A Facebook post features a list of health advice, including a claim that food consumed after 8pm becomes “a poison to your body”.
The warning, posted by a Vanuatu-based page on April 25, contains 12 tips following on from the question, “Did you know?” They include the claims that people who don’t eat breakfast will have lower blood sugar levels and drinking water only when thirsty is a “license to damage your liver”.
The post finishes with the message, “Please take care of your health is wealth”, before listing the seven “biggest brain damaging habits” as: “Missing breakfast; sleeping late; high sugar consumption; wearing cap/scarf or socks while sleeping; habit of blocking/stopping urine.”
The same list features in posts from as early as January 2020. The Vanuatu post had been shared more than 3500 times and generated more than 950 reactions at the time of writing.
The Facebook post purportedly provides a “routine of proper eating” – but its tips in reality includes some jumbled and misleading advice.
Eating after 8pm is not a “poison to your body”, and a similar claim was debunked in early 2020. Nevertheless, however studies have shown that earlier food intake can be linked to lower body mass index and chance of obesity, and greater weight-loss success.
Much of the research has focused on the benefits of eating larger meals in the morning and during the day, and smaller meals at night, although a large-scale study in Japan found that a habit of late-night dinner eating alone – defined as consuming the meal within two hours of bedtime at least three days per week – was linked to hyperglycemia.
A 2019 review on the timing of breakfast, lunch and dinner by academics in Spain, concluded: “Unusual eating time can produce a disruption in the circadian system that might lead to unhealthy consequences.”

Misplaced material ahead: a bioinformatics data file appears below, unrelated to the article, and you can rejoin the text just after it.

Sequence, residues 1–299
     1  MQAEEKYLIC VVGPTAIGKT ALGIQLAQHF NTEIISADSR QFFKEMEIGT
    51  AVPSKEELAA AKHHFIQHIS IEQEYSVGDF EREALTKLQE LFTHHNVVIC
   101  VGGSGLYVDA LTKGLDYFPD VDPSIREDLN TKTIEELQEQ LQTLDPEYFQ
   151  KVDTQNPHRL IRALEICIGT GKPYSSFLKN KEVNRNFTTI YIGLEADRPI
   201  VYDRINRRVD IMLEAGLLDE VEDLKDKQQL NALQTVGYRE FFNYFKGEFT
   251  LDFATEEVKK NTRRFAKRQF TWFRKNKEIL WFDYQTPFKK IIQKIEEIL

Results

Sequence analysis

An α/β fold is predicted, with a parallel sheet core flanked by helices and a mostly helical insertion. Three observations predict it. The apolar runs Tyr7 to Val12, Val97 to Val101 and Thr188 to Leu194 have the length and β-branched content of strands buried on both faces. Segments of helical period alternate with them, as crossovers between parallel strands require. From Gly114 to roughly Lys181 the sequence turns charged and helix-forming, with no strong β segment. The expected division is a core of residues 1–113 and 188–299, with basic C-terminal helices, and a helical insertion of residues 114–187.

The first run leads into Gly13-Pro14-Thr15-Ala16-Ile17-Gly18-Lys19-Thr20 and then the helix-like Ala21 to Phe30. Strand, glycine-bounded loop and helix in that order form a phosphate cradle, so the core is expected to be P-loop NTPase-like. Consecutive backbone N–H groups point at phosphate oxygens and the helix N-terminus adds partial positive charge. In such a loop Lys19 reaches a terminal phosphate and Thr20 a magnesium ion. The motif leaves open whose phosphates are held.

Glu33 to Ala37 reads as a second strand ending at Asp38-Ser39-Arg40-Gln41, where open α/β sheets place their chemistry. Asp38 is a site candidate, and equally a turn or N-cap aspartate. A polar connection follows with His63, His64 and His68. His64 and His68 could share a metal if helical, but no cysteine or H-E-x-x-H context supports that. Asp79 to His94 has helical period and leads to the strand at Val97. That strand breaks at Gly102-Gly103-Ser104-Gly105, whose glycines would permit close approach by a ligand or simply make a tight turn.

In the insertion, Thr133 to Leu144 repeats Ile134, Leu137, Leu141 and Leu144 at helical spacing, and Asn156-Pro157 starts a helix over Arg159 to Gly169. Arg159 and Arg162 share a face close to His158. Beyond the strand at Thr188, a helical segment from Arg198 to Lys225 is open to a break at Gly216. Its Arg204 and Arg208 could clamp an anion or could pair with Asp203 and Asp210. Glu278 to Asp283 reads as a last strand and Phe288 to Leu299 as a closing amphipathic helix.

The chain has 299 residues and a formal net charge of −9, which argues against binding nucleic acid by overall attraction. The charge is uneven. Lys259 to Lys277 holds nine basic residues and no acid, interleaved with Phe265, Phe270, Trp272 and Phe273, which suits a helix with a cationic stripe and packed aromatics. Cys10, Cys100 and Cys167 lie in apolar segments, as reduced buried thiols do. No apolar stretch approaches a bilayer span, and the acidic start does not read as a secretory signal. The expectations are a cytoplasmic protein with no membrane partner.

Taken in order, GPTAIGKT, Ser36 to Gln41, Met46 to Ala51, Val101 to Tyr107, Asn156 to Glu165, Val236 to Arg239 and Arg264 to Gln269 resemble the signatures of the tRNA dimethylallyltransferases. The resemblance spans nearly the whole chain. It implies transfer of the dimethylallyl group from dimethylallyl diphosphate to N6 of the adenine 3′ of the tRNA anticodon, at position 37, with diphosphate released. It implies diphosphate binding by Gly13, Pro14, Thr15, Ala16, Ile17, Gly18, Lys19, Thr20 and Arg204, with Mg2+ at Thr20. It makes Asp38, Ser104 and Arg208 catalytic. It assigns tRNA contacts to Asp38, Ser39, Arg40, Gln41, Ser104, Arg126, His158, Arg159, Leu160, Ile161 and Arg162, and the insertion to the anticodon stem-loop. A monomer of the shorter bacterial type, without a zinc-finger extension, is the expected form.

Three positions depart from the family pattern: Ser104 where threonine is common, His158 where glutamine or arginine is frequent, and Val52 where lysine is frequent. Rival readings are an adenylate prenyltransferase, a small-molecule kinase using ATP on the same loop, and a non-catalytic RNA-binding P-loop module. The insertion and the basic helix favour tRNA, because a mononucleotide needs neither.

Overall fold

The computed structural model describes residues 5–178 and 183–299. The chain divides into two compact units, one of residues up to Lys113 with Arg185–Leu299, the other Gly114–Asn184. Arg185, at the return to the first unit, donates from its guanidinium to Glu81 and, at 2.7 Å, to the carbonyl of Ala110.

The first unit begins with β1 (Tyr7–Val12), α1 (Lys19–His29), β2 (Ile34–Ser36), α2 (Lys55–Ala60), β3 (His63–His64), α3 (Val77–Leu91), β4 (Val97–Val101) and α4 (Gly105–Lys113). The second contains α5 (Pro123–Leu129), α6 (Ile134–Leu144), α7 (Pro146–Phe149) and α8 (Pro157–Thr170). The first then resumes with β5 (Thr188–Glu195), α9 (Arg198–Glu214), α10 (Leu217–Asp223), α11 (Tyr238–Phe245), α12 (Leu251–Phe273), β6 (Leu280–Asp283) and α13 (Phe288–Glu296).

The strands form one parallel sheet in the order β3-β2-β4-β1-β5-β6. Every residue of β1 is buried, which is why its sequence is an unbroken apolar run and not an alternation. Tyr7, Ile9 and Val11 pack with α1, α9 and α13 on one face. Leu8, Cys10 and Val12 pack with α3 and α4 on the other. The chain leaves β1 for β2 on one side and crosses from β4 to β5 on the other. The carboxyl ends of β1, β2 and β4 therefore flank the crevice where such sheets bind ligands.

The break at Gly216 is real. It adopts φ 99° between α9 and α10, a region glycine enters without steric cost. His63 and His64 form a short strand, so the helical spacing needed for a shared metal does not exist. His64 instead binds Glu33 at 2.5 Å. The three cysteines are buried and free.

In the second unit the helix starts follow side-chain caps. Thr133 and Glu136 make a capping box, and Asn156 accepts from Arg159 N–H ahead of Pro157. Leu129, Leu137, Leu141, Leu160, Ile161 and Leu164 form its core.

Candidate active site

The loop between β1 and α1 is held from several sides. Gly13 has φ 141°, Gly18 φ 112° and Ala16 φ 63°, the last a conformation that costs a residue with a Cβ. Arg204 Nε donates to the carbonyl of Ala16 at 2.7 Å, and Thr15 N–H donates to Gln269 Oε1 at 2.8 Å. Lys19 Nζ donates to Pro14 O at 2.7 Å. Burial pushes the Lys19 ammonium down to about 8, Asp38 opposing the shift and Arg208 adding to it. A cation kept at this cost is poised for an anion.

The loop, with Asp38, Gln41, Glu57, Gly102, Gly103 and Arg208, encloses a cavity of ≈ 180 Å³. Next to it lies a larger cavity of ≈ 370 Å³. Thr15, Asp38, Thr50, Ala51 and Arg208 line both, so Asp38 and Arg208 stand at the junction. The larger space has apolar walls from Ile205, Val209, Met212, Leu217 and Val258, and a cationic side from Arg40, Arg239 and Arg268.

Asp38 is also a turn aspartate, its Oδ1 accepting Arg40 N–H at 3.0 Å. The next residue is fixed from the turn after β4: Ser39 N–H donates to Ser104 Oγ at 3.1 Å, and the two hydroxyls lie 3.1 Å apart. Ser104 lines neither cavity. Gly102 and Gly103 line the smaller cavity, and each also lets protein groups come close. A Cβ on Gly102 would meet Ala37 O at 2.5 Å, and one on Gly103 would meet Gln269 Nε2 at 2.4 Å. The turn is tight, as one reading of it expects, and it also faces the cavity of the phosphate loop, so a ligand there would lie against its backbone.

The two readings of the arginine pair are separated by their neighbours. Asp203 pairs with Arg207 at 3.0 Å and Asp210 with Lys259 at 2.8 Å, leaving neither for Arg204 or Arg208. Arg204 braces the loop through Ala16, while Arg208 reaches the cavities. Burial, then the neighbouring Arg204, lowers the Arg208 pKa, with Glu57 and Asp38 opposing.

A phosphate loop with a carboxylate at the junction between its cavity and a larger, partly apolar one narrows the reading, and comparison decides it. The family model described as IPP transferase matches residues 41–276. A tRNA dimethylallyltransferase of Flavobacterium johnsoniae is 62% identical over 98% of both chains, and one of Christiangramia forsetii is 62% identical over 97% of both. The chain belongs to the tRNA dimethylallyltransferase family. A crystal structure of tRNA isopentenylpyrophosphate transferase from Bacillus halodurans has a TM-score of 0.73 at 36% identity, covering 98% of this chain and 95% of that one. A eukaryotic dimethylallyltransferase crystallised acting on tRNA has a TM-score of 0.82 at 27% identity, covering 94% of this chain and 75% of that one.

However, the review said a relevant aspect of meal timing studies was to define a “late dinner”, suggesting that 8pm is an arbitrary external deadline.
“Dinner at 9pm may be a late circadian dinner for those subjects with melatonin onsets at 7pm, but it may be an early circadian dinner for those whose biological night starts at 1am,” it says.
So is there any chance that food consumed after 8pm can become a poison?
Not according to Dunedin-based dietitian and author Jennifer Douglas, who told AAP FactCheck that since not everyone needed to worry about their weight, it could hardly be considered “poison” if healthy food was consumed late at night.
“Overall intake of food is important for the maintenance of healthy body weight, but how food is distributed over the day can be quite individual and calories are calories no matter what time of day you have them,” Ms Douglas said in an email.
Dr Nancy Snyderman came to a similar conclusion in an article for Time Magazine, writing: “It doesn’t matter what time of day you eat. It is what and how much you eat and how much physical activity you do during the whole day that determines whether you gain, lose, or maintain your weight. No matter when you eat, your body will store extra calories as fat. If you want a snack before bedtime, think first about how many calories you’ve eaten that day.”
For the claim that people who don’t eat breakfast will have lower blood sugar levels, guidance by the Centers for Disease Control and Prevention (CDC) states the opposite: “Going without that morning meal can increase blood sugar after both lunch and dinner.”
Studies have also linked skipping breakfast to higher blood sugar levels. Ms Douglas said the post contradicts itself on the claim.